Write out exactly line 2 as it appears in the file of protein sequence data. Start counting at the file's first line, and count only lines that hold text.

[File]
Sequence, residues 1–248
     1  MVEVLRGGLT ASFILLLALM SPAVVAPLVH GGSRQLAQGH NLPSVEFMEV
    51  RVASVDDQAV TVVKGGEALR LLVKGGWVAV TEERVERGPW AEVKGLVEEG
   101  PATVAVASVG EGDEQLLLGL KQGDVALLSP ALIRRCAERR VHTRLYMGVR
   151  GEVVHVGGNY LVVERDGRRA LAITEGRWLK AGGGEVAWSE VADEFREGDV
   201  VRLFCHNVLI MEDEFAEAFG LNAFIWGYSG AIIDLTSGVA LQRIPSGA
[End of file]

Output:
     1  MVEVLRGGLT ASFILLLALM SPAVVAPLVH GGSRQLAQGH NLPSVEFMEV